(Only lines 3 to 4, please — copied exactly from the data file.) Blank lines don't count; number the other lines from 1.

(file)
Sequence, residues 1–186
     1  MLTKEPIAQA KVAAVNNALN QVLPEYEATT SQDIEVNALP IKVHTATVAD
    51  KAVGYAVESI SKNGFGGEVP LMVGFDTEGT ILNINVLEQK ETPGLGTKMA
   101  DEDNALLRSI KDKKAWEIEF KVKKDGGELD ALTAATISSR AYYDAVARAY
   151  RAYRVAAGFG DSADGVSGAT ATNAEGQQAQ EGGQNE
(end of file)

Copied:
    51  KAVGYAVESI SKNGFGGEVP LMVGFDTEGT ILNINVLEQK ETPGLGTKMA
   101  DEDNALLRSI KDKKAWEIEF KVKKDGGELD ALTAATISSR AYYDAVARAY